When Innocence Isn’t Enough

Christopher Dunn has been in prison for over 30 years for a murder in St. Louis that he and others say he didn’t commit. Even though new evidence has emerged in favor of Dunn, the state of Missouri says he must stay in prison — because he wasn’t sentenced to death.

He continued, “This Court does not believe that any jury would now convict Christopher Dunn.” And yet, Missouri law prevented him from granting Dunn’s petition. Innocence alone, Hickle wrote, is grounds for relief only for a prisoner “sentenced to death, and is unavailable for cases in which the death penalty has not been imposed.” In other words: Dunn might have gone free, if only he’d been condemned to die.

Published: Jun 23, 2022
Length: 31 minutes (7,783 words)

Inside LA’s Homeless Industrial Complex

Just 7 percent of the people in Los Angeles’s Echo Park encampment found permanent housing after it was cleared. Almost half are missing. Seven are dead. That’s not a failure of homelessness policy; it’s an example of the system working exactly as intended:

Officers wielded batons, launched foam bullets at point-blank range, tackled members of the crowd, and injured at least a dozen people. Two were hospitalized. “They were protesting so peacefully,” Otzoy recalled in a UCLA report on the event. “And what did the police do? Sent their hundreds and hundreds in, arresting them, putting them in jail, shooting at them.” In the morning, the last of the residents — including Otzoy and Ahmed — awoke to find themselves completely fenced inside the park with a chain-link enclosure. In an Instagram livestream, they compared their surroundings to an open-air prison. After one last night, those who remained were threatened with arrest. Otzoy walked out, carrying what possessions he could. Ahmed was removed in handcuffs. In all, 182 people were arrested and 16 journalists detained. The entire operation cost $2 million.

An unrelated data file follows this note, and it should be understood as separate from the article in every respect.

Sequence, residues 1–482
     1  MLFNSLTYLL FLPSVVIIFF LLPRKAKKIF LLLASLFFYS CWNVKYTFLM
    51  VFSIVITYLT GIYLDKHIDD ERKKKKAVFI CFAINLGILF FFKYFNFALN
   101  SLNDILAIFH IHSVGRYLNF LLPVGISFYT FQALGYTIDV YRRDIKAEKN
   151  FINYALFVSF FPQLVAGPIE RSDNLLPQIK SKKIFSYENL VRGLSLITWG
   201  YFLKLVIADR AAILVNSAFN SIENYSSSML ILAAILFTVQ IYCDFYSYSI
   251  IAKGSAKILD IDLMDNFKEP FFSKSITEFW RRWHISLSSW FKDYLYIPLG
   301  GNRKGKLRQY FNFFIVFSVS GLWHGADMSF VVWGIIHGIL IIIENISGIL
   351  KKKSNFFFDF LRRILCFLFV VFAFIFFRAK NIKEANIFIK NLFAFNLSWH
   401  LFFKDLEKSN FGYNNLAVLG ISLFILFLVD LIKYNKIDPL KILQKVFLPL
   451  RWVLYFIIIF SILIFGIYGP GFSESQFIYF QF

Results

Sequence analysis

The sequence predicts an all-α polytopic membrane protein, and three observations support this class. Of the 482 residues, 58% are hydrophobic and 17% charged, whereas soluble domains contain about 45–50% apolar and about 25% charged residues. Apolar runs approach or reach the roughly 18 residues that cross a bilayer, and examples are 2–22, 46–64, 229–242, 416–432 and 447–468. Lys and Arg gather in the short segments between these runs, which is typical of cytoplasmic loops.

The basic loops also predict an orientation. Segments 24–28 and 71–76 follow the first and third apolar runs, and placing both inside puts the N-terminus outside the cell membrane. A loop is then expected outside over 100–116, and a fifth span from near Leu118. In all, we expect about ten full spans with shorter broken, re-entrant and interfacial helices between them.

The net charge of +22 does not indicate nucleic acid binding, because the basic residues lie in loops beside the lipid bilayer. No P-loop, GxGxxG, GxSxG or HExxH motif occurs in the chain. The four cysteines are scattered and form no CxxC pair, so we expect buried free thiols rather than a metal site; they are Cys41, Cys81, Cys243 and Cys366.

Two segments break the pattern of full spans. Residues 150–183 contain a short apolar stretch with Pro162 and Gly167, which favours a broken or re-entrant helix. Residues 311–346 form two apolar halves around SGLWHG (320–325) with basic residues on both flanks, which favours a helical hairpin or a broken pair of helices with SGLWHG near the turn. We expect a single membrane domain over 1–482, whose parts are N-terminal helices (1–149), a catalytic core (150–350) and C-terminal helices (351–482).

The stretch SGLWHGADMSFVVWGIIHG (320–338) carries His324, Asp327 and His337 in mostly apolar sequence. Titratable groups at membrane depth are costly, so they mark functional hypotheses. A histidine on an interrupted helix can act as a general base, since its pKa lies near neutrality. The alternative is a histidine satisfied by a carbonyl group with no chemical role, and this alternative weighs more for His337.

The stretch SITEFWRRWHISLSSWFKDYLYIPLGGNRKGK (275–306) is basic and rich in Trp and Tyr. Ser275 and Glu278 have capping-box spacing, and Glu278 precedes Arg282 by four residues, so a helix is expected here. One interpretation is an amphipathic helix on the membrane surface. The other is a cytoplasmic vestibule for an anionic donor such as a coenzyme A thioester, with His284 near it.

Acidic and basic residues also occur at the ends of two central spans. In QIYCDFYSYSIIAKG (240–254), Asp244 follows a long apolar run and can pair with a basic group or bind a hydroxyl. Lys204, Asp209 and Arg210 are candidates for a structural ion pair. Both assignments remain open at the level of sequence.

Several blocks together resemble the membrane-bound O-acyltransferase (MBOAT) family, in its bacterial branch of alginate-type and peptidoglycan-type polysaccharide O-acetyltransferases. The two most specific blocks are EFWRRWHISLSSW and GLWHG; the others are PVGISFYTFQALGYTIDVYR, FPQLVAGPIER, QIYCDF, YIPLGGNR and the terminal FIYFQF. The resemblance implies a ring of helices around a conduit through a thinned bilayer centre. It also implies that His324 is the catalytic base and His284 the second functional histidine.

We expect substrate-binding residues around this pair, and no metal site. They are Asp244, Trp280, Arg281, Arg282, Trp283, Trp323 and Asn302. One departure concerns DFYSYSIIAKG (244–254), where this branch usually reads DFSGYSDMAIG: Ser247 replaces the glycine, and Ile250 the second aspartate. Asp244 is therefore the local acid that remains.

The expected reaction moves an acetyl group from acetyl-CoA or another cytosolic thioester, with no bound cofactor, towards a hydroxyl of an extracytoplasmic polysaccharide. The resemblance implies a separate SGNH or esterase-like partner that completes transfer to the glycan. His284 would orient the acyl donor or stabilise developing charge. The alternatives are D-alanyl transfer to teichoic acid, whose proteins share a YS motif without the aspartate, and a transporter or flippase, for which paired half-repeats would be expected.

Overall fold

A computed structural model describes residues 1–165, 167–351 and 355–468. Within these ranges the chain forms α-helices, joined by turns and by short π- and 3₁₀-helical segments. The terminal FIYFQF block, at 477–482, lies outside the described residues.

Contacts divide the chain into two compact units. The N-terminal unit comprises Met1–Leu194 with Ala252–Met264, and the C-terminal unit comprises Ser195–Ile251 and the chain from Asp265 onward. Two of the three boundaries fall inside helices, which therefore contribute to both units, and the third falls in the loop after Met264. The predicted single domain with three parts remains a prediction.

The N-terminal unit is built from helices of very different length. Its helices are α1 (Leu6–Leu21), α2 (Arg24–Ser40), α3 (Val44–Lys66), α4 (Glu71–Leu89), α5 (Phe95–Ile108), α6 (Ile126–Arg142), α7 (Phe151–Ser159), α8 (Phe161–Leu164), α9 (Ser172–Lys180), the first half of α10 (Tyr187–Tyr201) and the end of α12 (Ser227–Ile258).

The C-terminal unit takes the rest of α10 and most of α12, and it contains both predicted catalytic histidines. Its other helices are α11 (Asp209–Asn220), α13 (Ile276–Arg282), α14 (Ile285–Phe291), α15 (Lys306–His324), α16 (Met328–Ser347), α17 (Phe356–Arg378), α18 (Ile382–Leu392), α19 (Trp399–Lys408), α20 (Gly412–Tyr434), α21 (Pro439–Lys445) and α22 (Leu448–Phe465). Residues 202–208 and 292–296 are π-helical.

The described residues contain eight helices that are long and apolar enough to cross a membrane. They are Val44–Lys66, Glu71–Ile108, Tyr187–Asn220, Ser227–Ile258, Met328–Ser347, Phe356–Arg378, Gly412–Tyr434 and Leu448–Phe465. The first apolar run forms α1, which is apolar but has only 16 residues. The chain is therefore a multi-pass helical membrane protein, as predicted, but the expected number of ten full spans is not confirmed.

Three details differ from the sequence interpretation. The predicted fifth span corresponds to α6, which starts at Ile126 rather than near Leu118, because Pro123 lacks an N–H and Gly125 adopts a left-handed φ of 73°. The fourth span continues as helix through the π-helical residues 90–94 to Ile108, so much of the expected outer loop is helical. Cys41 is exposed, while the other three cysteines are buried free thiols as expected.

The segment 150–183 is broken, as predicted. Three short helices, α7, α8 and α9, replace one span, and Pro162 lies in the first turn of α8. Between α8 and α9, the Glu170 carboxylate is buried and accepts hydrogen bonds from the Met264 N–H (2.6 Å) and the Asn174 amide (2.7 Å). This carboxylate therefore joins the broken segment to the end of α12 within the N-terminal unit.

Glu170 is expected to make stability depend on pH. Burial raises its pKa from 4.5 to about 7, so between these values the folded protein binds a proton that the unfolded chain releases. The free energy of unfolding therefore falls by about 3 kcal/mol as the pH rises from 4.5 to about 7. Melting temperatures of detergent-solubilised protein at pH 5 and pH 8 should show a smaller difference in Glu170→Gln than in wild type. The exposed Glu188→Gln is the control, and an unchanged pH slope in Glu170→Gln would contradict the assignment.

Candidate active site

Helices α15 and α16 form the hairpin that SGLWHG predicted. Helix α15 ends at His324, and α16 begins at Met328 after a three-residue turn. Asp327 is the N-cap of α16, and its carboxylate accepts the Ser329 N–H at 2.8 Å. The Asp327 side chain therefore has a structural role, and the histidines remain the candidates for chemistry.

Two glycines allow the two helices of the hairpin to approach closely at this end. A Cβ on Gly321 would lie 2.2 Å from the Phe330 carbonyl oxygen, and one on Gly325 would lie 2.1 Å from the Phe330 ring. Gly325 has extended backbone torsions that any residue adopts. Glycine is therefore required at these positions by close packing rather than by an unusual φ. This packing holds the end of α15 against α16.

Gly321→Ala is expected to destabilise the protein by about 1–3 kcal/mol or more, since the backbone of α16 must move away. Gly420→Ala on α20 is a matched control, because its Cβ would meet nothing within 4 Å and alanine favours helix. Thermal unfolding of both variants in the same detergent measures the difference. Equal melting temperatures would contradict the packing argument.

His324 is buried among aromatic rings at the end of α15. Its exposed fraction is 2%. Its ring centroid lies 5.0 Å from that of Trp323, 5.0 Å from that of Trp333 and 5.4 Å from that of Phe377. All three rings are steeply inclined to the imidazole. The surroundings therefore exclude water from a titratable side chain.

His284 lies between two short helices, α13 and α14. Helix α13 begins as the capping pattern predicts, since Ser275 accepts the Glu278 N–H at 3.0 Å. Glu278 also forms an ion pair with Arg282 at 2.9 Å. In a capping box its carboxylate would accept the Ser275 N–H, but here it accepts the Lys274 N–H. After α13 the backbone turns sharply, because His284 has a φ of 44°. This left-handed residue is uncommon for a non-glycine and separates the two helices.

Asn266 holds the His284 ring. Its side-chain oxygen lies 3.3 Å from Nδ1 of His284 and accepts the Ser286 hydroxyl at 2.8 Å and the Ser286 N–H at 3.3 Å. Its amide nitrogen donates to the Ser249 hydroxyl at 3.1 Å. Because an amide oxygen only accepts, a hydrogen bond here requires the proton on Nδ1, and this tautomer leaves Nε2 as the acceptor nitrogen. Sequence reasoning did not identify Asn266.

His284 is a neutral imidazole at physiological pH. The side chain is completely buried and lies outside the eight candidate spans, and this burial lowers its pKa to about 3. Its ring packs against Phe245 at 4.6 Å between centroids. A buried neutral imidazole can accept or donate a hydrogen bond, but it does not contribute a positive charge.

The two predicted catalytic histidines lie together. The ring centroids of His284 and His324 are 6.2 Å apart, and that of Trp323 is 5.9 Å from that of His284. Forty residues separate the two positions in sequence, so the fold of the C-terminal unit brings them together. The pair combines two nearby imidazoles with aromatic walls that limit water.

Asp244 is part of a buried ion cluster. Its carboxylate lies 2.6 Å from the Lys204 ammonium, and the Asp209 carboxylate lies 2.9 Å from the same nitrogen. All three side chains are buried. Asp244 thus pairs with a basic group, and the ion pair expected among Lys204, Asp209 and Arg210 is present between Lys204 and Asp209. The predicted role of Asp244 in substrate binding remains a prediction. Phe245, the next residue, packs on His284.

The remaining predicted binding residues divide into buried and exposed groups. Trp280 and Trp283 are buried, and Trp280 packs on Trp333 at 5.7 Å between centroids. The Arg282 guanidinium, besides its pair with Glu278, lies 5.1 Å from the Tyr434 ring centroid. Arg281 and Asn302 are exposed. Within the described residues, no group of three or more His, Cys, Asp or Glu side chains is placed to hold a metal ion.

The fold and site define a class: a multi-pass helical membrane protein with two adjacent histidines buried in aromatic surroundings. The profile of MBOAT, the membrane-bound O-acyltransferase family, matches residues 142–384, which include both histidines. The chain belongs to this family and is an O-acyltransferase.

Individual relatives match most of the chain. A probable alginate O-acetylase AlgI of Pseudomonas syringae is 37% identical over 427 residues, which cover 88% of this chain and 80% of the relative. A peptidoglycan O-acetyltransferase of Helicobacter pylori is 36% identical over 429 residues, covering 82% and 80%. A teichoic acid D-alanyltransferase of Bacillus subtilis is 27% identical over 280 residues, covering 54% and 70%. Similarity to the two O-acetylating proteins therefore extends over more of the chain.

Published: May 19, 2022
Length: 23 minutes (5,900 words)

Ikea’s Race for the Last of Europe’s Old-Growth Forest

More than half of Romania’s timber is illegally harvested. Since 2015, IKEA has been the company’s largest private landowner.

Published: Feb 16, 2022
Length: 28 minutes (7,137 words)

Red America’s Compassion Fatigue: A Report From Mobile, Alabama

“But what, I wondered, about people living in red America who have embraced immunity? In the national battle over vaccination, their voices have largely been drowned out.”

Published: Oct 21, 2021

The Professor Who Became a Cop

“Is this a book that will give readers a new perspective on the violence of policing—or is this just the story of how cops, and by extension her readers, can make peace with it?

Published: May 25, 2021
Length: 19 minutes (4,800 words)

How an Upper West Side Hotel Came to Embody the City’s Failure on Homelessness

During the pandemic, men housed at the Lucerne hotel have seen the worst side of New York’s self-described liberals. They’ve also exposed a decades-long policy of neglect.

Published: Mar 31, 2021
Length: 23 minutes (5,900 words)

We’re Hurtling Toward Global Suicide

“Why we must do everything differently to ensure the planet’s survival.”

Published: Mar 18, 2021
Length: 16 minutes (4,209 words)

QAnon and the Cultification of the American Right

“The conspiracy theory has become a theology of right-wing rebellion.”

Published: Feb 1, 2021
Length: 24 minutes (6,170 words)

The Rise and Fall of a Fracking Boom Town: An Oral History

“Rock Springs, Wyoming, sits on vast underground stores of natural gas and shale oil. But what was meant to be a blessing turned into a curse.”

Published: Dec 21, 2020
Length: 18 minutes (4,667 words)

‘No Choice but to Do It’: Why Women Go to Prison

“Many of the 230,000 women and girls in U.S. jails and prisons were abuse survivors before they entered the system. And at least 30 percent of those serving time on murder or manslaughter charges were protecting themselves or a loved one from physical or sexual violence.”

Published: Dec 17, 2020
Length: 32 minutes (8,100 words)